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A tuned-mass damper (TMD), also known as a pendulum damper, is not really a damper, but rather a pendulum or another gravity-based oscillator which is attached to the structure in such a way that it counteracts the vibration of one or more fundamental modes, thereby reducing the wind and/or seismic response of those modes.

Within SAP2000 or ETABS, a TMD may be modeled using a spring-mass system with damping. Guidelines for this subsystem are described as follows:

  • Spring – Assign spring properties to a linear two-joint link object in which one joint is attached to the structure, and the other joint is free.
  • MassMass and weight are then assigned to the free joint.
  • Damping – Within SAP2000, linear damping is included directly in the linear link property, while nonlinear damping is modeled using a viscous-damping link object in parallel with the linear link. Within ETABS, whether the system is linear or nonlinear, these damping objects are modeled in parallel.


For reference, two SAP2000 models are attached, each identical except that Model 1 does not use a TMD, whereas Model 2 does.

  • Model 1 – TestModel_WithoutTMD.SDB is the model without the damping device. This model is a control used to determine the frequency of the structure.
  • Model 2 – TestModel_WithTMD.SDB is the model with the pendulum damper. In this model, specifications include the following:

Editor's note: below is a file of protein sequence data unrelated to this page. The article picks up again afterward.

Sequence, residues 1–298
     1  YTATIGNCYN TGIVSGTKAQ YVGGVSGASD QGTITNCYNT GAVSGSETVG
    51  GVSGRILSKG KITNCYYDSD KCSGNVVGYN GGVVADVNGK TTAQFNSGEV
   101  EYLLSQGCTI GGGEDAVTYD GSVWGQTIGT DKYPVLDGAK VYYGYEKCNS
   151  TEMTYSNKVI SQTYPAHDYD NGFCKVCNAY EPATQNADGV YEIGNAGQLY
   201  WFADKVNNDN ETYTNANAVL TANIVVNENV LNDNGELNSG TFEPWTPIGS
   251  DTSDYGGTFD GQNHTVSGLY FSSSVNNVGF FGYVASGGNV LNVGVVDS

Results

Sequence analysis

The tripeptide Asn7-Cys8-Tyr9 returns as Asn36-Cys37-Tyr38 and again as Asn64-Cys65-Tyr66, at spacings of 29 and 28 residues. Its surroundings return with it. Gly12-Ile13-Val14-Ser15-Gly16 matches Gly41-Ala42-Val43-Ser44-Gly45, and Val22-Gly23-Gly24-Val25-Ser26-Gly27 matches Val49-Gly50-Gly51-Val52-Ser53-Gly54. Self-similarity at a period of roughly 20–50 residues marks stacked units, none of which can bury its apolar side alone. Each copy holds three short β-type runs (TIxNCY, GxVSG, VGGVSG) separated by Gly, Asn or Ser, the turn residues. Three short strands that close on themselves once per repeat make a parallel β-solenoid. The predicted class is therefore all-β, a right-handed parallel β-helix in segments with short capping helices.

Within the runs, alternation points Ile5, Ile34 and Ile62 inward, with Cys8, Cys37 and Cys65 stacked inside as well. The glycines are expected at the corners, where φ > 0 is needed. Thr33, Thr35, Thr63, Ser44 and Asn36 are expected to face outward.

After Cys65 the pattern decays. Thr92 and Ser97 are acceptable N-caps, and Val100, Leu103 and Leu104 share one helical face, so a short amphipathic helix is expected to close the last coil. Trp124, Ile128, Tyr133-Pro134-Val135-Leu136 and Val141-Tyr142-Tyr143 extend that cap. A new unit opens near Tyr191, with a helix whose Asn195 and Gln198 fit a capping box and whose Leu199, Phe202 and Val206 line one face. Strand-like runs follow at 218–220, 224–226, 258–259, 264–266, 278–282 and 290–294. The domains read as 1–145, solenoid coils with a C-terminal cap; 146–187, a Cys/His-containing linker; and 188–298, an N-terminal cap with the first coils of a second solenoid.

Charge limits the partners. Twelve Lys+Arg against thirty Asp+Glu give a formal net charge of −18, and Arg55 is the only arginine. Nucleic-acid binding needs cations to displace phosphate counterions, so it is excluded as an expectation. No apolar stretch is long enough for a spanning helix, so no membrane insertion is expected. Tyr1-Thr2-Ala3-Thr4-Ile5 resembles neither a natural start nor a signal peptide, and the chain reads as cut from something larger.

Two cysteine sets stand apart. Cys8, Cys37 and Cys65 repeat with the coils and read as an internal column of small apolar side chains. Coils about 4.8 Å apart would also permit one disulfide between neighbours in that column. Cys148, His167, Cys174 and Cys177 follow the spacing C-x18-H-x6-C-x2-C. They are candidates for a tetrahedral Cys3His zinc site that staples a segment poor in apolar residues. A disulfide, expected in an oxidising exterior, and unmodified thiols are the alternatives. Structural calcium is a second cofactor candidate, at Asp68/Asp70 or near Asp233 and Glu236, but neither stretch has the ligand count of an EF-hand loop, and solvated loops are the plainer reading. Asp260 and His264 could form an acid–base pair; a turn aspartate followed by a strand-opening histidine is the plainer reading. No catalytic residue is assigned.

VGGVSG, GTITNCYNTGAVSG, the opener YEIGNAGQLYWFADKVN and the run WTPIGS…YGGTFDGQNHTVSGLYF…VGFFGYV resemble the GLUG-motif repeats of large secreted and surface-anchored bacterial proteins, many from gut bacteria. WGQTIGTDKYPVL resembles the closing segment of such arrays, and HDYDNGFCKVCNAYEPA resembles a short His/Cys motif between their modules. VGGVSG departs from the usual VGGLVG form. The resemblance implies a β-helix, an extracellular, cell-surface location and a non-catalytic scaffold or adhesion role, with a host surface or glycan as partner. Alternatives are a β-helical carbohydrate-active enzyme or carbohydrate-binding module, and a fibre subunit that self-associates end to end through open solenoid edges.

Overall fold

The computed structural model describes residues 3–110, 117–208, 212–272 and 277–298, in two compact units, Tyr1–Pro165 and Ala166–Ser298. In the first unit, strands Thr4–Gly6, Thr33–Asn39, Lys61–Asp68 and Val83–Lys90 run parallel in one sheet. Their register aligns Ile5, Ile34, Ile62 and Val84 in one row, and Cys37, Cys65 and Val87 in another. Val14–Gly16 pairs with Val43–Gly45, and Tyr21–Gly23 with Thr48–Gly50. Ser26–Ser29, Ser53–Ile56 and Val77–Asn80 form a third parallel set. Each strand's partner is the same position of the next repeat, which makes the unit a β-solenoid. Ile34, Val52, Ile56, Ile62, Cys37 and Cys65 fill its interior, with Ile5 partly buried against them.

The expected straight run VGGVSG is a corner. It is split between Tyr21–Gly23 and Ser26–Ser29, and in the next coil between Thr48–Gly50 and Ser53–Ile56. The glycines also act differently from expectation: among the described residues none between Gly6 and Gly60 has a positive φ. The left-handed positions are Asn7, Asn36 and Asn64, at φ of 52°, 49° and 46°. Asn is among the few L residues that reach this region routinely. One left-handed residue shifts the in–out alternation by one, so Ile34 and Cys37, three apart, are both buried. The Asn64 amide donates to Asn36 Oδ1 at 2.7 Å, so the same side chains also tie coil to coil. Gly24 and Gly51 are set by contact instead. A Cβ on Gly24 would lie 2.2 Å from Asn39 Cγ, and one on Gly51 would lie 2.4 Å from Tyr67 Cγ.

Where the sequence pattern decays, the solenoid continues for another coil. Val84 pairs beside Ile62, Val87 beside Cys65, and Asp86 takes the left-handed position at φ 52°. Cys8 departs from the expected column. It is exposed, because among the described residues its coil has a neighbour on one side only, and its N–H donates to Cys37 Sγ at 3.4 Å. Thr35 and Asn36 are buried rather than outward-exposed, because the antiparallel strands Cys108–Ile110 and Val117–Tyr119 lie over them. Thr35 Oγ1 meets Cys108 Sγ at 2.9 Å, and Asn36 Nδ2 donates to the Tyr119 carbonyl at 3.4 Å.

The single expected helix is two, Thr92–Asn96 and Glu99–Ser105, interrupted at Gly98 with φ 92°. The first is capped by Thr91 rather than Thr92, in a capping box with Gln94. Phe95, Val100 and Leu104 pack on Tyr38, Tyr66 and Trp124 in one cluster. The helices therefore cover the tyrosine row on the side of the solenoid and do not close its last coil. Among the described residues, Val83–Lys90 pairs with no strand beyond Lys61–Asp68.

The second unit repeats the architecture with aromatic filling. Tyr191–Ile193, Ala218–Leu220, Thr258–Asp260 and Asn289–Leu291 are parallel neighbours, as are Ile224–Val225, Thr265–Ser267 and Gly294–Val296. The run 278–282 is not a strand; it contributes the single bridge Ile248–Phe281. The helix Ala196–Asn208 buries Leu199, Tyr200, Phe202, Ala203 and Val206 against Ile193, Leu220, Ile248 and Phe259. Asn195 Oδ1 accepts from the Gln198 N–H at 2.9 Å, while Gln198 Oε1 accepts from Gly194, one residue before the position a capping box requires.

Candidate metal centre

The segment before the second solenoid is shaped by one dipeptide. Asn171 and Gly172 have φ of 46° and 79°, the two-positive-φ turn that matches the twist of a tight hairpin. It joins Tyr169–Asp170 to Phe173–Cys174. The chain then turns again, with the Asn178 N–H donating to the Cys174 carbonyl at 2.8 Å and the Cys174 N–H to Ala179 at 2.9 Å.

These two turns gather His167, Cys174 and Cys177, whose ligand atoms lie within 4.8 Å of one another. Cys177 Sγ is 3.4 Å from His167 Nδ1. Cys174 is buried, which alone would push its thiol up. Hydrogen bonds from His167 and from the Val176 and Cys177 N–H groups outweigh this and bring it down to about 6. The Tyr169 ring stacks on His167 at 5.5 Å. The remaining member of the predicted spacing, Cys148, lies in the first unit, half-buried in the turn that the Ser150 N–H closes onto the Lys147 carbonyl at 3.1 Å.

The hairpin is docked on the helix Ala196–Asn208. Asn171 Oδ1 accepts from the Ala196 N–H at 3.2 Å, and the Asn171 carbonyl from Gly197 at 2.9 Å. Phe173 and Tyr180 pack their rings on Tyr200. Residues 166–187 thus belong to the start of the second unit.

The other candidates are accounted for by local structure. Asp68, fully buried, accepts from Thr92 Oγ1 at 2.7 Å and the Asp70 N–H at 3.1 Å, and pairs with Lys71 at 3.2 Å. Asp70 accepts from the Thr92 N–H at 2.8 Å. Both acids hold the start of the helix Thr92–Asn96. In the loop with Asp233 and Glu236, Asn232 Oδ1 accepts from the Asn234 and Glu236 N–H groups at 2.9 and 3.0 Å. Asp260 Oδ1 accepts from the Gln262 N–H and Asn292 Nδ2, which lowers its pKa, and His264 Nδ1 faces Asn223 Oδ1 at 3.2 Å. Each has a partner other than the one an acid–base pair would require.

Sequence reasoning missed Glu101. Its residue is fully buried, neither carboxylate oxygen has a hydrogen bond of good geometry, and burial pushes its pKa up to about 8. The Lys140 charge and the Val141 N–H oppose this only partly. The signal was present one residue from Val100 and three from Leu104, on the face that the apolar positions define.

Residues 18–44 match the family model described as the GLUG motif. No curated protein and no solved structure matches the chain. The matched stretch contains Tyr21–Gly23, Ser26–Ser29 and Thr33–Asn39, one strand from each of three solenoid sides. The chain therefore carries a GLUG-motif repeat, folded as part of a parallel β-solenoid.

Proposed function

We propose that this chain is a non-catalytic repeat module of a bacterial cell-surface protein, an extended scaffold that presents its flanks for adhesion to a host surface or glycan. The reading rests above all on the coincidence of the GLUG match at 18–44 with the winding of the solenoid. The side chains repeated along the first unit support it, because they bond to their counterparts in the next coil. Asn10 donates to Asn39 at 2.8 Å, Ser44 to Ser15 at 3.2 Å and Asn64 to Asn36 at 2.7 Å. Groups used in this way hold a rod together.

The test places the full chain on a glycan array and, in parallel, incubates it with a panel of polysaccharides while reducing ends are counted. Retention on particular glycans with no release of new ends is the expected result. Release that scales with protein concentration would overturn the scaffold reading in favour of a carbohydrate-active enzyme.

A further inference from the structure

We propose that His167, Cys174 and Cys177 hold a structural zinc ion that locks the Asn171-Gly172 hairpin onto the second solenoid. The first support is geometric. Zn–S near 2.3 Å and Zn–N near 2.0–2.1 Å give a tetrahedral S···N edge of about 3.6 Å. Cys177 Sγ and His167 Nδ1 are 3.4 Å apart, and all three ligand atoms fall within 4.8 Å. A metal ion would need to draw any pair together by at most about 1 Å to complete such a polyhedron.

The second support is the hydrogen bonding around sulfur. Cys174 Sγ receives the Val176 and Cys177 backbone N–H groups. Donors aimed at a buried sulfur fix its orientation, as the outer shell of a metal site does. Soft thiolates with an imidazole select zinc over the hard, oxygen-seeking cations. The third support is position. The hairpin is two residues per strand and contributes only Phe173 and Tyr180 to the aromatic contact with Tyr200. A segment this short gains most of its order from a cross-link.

• Link properties: Any spring/mass system may be used to represent the swinging pendulum in 2D. Here, the spring constant is Mg/L, where M is mass, L is pendulum length, and g is gravity. It is slightly more challenging to model a pendulum which is free to translate in 3D. Here, a friction-isolator link element will represent the friction-pendulum device, selected through Define > Section Properties > Link/Support Properties. Translational stiffness along U1, U2, and U3 are defined. The effective and nonlinear stiffness along U1 should be based on the EA/L value of the hangers, where 1.0E6 kN/m is used in the attached file. The effective stiffness properties for U2 and U3 are chosen as Mg/L. In this model, a link is drawn at the top story. Link length is chosen as L = 0.1m, and mass is M = 10 kN-sec2/m.

    • Length directly relates to the period of the TMD. When length is changed, it must be account for in numerous places, including:

      1. The length of the link element drawn.
      2. The effective and actual stiffness (EA/L) of the U1 link property.
      3. The effective stiffness (Mg/L) of the U2 and U3 link properties.
      4. The sliding radius of the U2 and U3 link properties.
      5. The shear location (dj) of the U2 and U3 link properties. This is because the sliding surface is located at the bottom of the link element.

    • Mass M affects how strongly the TMD influences response. Changes to mass must be accounted for in the following sources:

      1. Mass assigned to the lower link joint.
      2. Weight force (W = Mg) assigned to the lower link joint in the dead load case (DEAD).
      3. Effective stiffness (Mg/L) of the U2 and U3 link properties.
  • Setting up the time-history analysis: Through the Define > Functions > Time History menu, a sine curve is defined with a 0.6 second period, which is the same as the 1st Mode of the model without a TMD. Thereafter, a nonlinear-modal time-history load case is added. 5% modal damping is assumed and 200 output steps are selected, each 1/20th the size of the 1st time period.

Analysis may be run and various response measures may be reviewed through Display > Show Plot Functions. As expected, response is found to be reduced for the tuned-mass-damper model.


  • [SAP2000 V14.2.0 models |Tuned-mass damper^SAP2000 V14.2.0] (zipped .SDB and .$2k files)
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